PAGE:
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The more fundamental problem for Bitcoin as a currency, though, has to do with the very thing lots of people like about it—namely that the supply of Bitcoin is controlled and limited. Because the supply is limited, when demand for Bitcoin rises (because, say, people are convinced they can get rich quick by buying it), then the value of Bitcoin is going to rise as well. So, if you believe your Bitcoin is going to become more popular, then it’s foolish to spend it on a pizza: You should hoard it and then sell it once its price rises. And since you can get along perfectly well without spending Bitcoin, there’s never been anything pushing people to stop hoarding. The more people hoard Bitcoin, treating it as a speculative asset, the less appealing it seems as a currency.
On top of this, the extraordinary volatility of Bitcoin’s price — which, as we’ve seen in the past week, can fall 10% to 20% overnight — discourages businesses and individuals from accepting Bitcoin in exchange for real goods and services, since few people want to get paid today with something that might be 10% less valuable tomorrow. (Of course, it might also be 10% more valuable. But that kind of gamble isn’t one most businesses are interested in making.)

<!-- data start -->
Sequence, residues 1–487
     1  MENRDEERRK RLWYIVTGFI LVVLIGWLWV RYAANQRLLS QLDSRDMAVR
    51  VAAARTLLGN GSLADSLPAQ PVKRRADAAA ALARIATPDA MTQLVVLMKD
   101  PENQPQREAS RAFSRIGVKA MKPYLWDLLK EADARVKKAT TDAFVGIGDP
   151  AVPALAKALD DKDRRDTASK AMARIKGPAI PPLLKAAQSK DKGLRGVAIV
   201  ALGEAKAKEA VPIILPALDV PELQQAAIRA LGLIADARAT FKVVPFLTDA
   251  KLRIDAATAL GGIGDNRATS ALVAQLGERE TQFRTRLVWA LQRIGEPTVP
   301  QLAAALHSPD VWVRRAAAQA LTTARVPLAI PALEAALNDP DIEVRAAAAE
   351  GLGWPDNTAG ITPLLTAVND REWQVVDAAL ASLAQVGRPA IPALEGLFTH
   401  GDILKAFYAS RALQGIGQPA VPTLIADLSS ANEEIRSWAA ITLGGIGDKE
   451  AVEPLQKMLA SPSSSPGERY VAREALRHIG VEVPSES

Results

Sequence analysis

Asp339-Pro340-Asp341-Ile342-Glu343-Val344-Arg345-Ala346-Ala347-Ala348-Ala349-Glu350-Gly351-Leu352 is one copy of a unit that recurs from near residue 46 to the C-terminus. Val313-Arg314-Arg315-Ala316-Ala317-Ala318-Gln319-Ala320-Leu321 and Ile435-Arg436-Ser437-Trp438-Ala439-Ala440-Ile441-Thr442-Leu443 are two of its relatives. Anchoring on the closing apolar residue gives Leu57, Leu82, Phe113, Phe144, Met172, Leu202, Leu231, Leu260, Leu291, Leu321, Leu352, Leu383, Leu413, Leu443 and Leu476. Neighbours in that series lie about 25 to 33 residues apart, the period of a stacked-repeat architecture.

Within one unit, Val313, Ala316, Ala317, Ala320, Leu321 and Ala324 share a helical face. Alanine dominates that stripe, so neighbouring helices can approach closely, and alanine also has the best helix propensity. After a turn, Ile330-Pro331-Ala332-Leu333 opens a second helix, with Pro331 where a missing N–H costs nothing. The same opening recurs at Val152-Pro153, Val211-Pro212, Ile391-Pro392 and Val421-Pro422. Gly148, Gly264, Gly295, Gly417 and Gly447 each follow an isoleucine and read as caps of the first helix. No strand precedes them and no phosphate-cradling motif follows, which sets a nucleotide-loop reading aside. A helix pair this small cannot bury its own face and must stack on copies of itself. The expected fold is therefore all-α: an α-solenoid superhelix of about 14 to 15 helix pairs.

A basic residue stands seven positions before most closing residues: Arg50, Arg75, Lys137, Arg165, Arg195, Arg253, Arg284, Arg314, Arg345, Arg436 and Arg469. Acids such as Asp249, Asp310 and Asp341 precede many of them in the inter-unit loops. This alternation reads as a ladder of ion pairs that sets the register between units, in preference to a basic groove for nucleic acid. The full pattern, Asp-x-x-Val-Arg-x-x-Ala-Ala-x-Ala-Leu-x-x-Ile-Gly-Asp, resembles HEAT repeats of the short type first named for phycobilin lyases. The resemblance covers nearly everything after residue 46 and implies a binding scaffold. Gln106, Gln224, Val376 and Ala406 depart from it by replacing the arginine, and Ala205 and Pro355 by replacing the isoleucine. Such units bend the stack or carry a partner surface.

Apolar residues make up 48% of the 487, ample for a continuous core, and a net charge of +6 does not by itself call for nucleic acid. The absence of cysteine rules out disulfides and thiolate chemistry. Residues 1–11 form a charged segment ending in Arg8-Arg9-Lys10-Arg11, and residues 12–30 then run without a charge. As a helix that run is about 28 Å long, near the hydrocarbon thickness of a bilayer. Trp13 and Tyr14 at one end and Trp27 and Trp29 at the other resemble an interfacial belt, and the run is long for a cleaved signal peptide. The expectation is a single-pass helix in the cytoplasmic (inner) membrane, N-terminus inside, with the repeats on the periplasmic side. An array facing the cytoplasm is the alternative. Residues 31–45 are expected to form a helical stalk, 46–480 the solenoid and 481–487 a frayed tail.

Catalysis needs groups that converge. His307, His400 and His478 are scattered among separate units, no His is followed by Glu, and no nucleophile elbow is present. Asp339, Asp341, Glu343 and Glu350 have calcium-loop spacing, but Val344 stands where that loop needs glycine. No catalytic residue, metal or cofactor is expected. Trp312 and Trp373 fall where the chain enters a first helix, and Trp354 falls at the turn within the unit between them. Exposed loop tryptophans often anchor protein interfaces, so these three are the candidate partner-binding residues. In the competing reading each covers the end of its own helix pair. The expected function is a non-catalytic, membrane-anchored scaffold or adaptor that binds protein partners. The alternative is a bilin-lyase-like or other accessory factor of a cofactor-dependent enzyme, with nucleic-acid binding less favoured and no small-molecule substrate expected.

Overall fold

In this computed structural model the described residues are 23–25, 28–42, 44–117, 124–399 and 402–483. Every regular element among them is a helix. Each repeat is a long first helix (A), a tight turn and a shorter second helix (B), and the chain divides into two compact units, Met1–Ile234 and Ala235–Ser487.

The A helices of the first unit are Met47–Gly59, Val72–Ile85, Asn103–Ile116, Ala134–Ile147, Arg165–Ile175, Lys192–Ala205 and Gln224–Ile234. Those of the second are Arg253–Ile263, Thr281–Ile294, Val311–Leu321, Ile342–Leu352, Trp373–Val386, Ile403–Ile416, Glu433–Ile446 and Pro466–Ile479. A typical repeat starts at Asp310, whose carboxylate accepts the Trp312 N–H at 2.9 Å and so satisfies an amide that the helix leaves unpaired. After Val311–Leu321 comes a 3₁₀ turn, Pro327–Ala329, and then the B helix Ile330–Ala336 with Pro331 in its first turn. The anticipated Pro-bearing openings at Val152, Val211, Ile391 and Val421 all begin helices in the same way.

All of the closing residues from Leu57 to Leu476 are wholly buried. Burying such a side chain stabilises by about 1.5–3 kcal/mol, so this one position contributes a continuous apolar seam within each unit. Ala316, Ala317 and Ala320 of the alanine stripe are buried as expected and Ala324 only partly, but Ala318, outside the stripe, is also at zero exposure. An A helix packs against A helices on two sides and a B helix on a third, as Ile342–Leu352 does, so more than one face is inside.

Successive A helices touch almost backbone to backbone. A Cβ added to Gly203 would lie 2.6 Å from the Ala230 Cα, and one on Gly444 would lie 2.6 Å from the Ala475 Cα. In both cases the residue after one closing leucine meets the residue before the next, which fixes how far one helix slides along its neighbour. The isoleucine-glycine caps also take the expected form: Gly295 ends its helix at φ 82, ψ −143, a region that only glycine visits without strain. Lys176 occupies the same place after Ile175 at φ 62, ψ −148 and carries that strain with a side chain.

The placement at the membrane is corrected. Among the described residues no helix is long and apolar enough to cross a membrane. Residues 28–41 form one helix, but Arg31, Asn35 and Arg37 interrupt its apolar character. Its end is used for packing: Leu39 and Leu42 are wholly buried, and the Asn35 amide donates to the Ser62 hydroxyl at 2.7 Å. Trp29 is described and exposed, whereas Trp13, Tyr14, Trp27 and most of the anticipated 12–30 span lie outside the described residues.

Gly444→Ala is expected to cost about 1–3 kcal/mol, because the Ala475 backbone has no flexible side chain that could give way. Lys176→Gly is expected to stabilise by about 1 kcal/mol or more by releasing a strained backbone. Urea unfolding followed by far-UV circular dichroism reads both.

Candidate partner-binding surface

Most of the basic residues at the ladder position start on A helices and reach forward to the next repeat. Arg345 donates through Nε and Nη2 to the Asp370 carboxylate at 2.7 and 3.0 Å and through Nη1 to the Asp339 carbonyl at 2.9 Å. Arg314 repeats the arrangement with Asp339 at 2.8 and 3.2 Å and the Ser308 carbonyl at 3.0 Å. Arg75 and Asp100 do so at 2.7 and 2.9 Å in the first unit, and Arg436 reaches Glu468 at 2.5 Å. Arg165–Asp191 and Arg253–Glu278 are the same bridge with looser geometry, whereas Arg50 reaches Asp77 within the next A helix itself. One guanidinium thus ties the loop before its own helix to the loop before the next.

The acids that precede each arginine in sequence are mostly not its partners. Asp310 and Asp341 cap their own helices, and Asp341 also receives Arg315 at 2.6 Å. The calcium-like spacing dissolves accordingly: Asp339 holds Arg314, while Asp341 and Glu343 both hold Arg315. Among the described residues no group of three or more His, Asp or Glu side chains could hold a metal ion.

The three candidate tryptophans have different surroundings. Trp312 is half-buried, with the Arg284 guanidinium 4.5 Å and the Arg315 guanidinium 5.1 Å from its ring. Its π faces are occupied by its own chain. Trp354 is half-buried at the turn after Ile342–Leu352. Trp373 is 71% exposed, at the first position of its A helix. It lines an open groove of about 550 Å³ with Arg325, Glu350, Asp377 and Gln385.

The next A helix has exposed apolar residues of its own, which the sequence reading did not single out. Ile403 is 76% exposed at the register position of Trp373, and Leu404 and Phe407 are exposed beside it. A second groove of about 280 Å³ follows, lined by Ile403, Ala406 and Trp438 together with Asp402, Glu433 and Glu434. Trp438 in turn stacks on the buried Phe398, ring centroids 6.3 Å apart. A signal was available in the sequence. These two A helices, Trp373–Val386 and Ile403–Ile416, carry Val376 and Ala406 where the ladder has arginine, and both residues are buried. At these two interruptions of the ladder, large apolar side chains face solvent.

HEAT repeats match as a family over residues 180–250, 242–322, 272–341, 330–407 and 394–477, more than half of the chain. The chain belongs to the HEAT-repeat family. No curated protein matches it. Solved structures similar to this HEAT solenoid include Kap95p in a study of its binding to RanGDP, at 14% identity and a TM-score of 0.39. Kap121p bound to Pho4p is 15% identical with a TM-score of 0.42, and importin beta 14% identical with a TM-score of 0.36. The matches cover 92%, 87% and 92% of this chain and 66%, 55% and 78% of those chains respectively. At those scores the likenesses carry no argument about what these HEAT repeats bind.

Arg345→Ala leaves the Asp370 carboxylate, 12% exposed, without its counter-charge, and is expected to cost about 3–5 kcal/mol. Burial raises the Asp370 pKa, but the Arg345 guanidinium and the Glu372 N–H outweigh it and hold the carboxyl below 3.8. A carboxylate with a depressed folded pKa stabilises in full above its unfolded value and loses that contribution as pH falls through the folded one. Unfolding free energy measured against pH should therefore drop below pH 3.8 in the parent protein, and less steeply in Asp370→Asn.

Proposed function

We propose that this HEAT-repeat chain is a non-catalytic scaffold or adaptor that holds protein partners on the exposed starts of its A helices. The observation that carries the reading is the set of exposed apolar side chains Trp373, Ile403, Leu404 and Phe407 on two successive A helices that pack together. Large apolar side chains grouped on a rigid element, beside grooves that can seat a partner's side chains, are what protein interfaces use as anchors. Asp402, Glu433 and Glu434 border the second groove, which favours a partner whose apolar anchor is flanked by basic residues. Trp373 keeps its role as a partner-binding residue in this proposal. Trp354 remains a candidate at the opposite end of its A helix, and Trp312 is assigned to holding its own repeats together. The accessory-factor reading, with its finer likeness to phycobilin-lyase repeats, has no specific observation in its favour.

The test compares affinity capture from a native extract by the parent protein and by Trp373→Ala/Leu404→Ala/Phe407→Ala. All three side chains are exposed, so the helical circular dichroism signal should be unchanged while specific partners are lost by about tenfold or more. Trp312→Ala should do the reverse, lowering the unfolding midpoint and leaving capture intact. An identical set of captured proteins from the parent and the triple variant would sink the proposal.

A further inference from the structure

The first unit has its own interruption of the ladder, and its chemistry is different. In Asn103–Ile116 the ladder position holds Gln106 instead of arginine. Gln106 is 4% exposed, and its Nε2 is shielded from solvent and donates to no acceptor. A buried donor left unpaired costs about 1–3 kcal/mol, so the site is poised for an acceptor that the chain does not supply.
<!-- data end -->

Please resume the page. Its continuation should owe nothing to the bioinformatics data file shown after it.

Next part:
Like gold, Bitcoin is valuable to the extent that people think it’s valuable: You buy it because you think someone else will pay more for it in the future.
Bitcoin’s transformation from putative currency to speculative asset, in other words, was effectively built into the system from the start. It’s where Bitcoin was headed all along. (Cryptocurrencies have emerged in Bitcoin’s wake that are better designed to function as currencies, but paradoxically they’re nowhere near as popular as Bitcoin.) Even though it may have been designed as a payment system and a medium of exchange, Bitcoin’s real appeal was, inevitably, going to be as what economists call a “store of value,” a kind of digital analogue to gold. Like gold, Bitcoin is valuable to the extent that people think it’s valuable: You buy it because you think someone else will pay more for it in the future. And like gold, its value can’t be inflated away by a central bank.
The fact that Bitcoin has no intrinsic value (the way a stock or bond does) doesn’t mean it’s headed to zero. It just means that Bitcoin has become totally untethered from its original purpose. What was supposed to be a way to revolutionize people’s everyday financial lives is now mostly a way for people to get rich quick (or lose their shirts) or, in an ideal scenario, for people to protect their wealth against inflation. Bitcoin began as a cryptocurrency. It has ended as a cryptoasset.
Update: An earlier version of this piece misstated the cap on Bitcoin. There will be 21 million coins by 2140.